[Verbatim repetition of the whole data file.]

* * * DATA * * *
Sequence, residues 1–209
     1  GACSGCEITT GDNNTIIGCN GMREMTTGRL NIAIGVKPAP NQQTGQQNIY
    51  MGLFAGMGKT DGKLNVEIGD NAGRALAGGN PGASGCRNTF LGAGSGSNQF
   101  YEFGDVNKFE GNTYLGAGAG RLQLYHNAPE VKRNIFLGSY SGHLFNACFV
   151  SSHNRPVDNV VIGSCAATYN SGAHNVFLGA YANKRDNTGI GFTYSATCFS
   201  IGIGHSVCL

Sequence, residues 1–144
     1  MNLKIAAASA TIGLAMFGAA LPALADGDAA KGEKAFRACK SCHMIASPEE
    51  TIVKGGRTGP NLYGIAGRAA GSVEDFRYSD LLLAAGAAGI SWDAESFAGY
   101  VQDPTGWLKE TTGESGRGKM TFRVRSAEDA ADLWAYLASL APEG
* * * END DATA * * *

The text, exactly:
Sequence, residues 1–209
     1  GACSGCEITT GDNNTIIGCN GMREMTTGRL NIAIGVKPAP NQQTGQQNIY
    51  MGLFAGMGKT DGKLNVEIGD NAGRALAGGN PGASGCRNTF LGAGSGSNQF
   101  YEFGDVNKFE GNTYLGAGAG RLQLYHNAPE VKRNIFLGSY SGHLFNACFV
   151  SSHNRPVDNV VIGSCAATYN SGAHNVFLGA YANKRDNTGI GFTYSATCFS
   201  IGIGHSVCL

Sequence, residues 1–144
     1  MNLKIAAASA TIGLAMFGAA LPALADGDAA KGEKAFRACK SCHMIASPEE
    51  TIVKGGRTGP NLYGIAGRAA GSVEDFRYSD LLLAAGAAGI SWDAESFAGY
   101  VQDPTGWLKE TTGESGRGKM TFRVRSAEDA ADLWAYLASL APEG